A thousand tabs… My god. And to think I’ve been proud of having a few hundred open at once (on Chromium of course, Firefox couldn’t handle it).

  10. A&L said on December 23, 2012 at 5:06 pm

    I just installed Cyberfox and will give it a whirl for a while

  11. Jon said on December 23, 2012 at 5:38 am

    I used Waterfox 64 bit for a while but it hasn’t been updated since version 16.0.1. Now I’m using Cyberfox which can be found on Sourceforge.

  12. Karl Gephart said on December 23, 2012 at 4:22 am

    I gotta agree with 4-5 tabs max, including app tabs. That’s the purpose of bookmarks–to find stuff–not tabs! :-)

  13. A&L said on December 23, 2012 at 1:54 am

    I’m happy using waterfox 64 bit, works great

  14. Ross Presser said on December 23, 2012 at 1:24 am

    A thousand tabs? What is that, three months worth of running without a reboot or ever closing a tab??

    1. Martin Brinkmann said on December 23, 2012 at 1:29 am

      I honestly do not know. Would really like to know how they manage to work with that many open tabs.

  15. Richard Steven Hack said on December 23, 2012 at 12:46 am

    Mozilla has severe “developer’s disease”, i.e., the developers are totally in control and design decisions are made willy-nilly without any serious consideration of either the consequences or customers. The same is true of Google and Chrome.

    “the browser builds won’t receive the same rigorous testing that 32-bit builds receive. The crash reporter will be disabled in 64-bit builds,”

    That’s just stupid. Wow, Mozilla gave us a completely unsupported and untested 64-bit browser! I’m so thankful! If this doesn’t represent Mozilla’s opinion of its customers I don’t know what does.

    As an aside, any browser user who has a thousand tabs open is a lunatic. The only time I have more than, say, four or five tabs open is when I follow one of those chains of porn sites when you click on a pic and you end up at another collection of pics rather than the pic you clicked on. Following that nonsense might cause me to open another dozen or two tabs. :-) Do people really need two dozen or more tabs to do their work? I doubt it. It’s just laziness at closing unused tabs.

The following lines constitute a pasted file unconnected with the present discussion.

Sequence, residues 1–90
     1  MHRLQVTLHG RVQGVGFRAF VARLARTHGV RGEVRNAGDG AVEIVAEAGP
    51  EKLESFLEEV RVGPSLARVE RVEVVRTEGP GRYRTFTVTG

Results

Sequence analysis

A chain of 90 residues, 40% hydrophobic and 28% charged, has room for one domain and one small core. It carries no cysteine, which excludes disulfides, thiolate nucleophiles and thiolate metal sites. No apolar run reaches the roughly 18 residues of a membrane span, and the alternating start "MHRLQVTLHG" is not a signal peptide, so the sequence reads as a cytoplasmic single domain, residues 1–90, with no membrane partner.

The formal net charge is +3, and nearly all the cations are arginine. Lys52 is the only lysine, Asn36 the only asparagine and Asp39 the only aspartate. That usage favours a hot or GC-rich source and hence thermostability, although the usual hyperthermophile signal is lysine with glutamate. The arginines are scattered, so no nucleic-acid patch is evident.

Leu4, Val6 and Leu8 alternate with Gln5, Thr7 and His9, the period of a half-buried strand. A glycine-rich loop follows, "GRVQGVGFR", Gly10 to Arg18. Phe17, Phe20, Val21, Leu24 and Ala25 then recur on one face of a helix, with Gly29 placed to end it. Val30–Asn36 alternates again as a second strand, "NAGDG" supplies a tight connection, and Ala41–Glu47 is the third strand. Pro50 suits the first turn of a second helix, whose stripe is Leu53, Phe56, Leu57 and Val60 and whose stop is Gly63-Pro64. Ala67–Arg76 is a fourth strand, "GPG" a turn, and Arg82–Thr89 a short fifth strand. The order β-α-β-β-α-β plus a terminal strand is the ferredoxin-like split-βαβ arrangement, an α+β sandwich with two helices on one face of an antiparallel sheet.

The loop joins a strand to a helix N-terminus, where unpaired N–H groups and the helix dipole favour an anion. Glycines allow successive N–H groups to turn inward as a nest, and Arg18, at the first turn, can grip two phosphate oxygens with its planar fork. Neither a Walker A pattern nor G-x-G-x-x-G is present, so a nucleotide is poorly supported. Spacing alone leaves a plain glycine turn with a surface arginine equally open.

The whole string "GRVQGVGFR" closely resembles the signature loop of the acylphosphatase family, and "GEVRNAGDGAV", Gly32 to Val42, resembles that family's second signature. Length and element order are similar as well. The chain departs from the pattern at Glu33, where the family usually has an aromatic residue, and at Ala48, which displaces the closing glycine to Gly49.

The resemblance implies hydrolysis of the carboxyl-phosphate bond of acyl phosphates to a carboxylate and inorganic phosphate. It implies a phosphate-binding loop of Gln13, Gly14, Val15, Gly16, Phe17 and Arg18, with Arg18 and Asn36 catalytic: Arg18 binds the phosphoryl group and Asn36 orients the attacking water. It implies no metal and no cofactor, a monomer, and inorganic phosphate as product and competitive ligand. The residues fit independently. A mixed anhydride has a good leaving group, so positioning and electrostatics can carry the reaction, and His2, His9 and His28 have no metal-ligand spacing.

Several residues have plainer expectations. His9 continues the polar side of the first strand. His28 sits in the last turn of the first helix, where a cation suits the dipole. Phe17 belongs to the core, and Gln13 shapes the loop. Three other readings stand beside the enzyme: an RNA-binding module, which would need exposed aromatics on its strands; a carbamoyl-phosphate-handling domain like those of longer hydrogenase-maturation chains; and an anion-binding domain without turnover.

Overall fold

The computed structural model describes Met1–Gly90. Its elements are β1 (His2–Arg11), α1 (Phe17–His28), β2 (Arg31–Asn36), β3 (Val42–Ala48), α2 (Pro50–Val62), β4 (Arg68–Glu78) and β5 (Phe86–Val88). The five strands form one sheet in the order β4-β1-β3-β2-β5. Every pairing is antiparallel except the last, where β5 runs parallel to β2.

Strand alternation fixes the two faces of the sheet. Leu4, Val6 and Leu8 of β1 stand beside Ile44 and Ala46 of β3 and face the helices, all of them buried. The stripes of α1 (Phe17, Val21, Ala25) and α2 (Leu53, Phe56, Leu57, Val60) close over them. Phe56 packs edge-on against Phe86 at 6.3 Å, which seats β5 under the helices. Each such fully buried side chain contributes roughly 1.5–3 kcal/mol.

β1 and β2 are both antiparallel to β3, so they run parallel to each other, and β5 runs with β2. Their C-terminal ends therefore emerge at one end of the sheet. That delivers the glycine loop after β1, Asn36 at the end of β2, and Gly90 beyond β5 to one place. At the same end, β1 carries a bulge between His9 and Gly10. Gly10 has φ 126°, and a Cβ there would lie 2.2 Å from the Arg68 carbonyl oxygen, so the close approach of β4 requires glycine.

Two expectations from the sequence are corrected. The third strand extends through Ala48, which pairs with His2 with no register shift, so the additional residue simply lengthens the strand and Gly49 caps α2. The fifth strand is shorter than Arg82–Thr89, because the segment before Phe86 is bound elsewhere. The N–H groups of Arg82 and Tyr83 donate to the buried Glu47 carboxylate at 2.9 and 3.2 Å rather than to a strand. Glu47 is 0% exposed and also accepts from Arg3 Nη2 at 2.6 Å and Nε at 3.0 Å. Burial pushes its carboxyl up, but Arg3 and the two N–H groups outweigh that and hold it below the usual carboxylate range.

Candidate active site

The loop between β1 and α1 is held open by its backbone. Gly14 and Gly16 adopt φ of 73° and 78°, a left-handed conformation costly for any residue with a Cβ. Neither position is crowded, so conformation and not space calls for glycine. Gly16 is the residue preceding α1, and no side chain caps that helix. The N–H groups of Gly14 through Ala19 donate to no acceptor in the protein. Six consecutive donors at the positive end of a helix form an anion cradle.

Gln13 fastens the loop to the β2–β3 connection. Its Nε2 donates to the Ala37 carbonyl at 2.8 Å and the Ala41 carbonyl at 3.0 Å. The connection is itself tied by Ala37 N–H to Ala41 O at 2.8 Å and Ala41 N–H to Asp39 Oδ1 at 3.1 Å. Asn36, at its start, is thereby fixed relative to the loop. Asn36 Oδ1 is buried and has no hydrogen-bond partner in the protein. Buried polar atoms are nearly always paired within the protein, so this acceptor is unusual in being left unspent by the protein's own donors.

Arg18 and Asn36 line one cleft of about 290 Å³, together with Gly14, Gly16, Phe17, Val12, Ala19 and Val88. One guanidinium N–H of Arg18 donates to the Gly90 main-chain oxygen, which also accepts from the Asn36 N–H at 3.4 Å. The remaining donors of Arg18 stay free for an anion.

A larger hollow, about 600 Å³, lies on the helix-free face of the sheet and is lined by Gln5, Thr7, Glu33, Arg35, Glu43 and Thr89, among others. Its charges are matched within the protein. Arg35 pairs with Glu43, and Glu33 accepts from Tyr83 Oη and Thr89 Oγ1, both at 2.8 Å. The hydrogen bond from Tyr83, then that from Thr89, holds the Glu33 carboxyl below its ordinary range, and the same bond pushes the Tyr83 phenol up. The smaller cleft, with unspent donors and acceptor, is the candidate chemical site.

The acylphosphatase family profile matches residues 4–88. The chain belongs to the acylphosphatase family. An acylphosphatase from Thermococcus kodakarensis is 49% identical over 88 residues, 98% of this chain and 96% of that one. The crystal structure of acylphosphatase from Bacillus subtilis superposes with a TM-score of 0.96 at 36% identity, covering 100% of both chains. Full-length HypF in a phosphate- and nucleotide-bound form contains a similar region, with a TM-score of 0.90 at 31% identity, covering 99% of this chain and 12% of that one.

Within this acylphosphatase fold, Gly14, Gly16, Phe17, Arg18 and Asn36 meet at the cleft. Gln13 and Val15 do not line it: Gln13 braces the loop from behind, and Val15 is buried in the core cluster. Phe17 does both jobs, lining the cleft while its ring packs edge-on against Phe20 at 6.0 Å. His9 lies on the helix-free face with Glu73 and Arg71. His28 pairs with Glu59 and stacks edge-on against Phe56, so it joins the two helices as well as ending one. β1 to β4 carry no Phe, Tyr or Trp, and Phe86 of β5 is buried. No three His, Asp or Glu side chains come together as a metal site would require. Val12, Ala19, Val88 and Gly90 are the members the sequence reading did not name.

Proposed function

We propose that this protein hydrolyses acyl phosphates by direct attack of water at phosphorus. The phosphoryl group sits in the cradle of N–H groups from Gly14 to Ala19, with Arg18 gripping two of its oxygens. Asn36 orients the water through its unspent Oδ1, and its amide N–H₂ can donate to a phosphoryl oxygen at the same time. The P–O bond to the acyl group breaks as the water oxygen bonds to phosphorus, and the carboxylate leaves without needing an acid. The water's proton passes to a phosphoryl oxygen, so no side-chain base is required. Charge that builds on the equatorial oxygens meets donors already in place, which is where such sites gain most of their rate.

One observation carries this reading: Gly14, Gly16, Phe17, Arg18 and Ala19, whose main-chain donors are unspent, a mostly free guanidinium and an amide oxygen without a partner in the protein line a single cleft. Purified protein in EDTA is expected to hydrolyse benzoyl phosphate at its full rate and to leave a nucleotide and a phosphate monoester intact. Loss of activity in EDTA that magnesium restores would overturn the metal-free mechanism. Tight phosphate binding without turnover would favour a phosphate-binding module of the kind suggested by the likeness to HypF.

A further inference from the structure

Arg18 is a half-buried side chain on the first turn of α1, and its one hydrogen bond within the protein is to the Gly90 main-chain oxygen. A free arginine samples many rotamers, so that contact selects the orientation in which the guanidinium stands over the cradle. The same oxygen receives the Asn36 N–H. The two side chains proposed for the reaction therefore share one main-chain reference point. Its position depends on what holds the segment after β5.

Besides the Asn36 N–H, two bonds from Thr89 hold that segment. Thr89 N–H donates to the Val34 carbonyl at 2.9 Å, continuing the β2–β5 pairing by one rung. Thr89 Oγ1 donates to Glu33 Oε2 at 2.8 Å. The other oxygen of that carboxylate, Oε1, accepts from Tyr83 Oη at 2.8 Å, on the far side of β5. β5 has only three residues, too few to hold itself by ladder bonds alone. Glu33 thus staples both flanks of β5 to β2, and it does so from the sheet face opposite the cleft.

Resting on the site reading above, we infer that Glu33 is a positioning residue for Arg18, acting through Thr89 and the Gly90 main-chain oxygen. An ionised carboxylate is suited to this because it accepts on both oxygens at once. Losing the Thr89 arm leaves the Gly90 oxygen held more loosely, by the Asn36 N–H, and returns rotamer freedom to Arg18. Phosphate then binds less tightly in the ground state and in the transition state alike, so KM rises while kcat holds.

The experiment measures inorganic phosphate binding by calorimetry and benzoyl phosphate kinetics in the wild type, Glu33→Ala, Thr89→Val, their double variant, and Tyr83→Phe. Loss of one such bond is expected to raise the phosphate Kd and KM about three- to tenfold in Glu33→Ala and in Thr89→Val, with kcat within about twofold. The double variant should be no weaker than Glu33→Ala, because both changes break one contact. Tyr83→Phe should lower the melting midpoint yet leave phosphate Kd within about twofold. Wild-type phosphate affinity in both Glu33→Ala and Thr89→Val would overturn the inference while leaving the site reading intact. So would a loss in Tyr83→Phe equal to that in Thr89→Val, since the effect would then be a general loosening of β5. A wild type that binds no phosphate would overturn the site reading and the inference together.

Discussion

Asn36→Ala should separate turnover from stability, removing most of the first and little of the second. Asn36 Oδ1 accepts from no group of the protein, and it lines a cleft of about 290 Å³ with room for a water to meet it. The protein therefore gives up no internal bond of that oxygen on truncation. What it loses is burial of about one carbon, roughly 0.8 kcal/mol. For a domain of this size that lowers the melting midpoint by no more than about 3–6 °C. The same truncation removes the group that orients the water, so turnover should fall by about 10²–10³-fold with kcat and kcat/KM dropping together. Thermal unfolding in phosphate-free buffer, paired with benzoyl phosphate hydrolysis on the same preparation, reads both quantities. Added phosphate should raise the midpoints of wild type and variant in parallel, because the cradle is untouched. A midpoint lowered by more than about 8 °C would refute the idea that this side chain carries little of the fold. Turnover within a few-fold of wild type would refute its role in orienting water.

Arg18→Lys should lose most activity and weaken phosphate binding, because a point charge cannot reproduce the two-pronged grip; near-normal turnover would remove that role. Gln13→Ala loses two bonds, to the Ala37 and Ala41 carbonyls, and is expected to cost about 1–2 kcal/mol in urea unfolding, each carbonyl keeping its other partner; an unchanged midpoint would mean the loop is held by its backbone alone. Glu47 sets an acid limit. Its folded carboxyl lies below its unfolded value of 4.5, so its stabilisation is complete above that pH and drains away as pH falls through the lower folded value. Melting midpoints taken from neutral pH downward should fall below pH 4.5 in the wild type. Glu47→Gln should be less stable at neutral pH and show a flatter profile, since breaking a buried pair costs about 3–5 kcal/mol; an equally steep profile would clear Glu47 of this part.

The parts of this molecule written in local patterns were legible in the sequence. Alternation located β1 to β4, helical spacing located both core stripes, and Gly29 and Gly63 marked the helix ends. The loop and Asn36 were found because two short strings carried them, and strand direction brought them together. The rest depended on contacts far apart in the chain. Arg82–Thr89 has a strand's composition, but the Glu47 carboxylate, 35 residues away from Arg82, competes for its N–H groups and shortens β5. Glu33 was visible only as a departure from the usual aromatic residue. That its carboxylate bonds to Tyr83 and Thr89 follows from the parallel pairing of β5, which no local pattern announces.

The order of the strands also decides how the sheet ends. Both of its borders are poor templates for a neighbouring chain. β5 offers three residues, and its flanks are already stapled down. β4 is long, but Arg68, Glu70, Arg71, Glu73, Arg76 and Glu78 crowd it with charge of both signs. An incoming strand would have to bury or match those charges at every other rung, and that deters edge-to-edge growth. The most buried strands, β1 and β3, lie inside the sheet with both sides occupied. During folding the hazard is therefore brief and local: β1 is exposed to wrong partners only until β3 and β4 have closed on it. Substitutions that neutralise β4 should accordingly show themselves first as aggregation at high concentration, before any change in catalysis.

1. Martin Brinkmann said on December 23, 2012 at 1:32 am

      My maximum number of tabs is about 50 per session, usually only when I open a lot of forum threads at once using the Multi Links add-on. I tend to have about ten pages open that I need for future articles but do not want to bookmark.

  16. Mystique said on December 22, 2012 at 10:45 pm

    I honestly don’t understand the apprehension in moving to 64bit, I’d expect that 90% of households to be running if not capable of running 64bit software yet companies such as mozilla are letting us down… 64bit is here NOW and its here to stay!

    The prices of ram is so dirt cheap right now that most people could max out their mainboard and not break the bank either.

  17. Nebulus said on December 22, 2012 at 10:09 pm

    Mozilla does a lot of stunts lately when in comes to developing their browser, and then they back off. I wish they would slow down, consider every option, listen to their users and then make a move.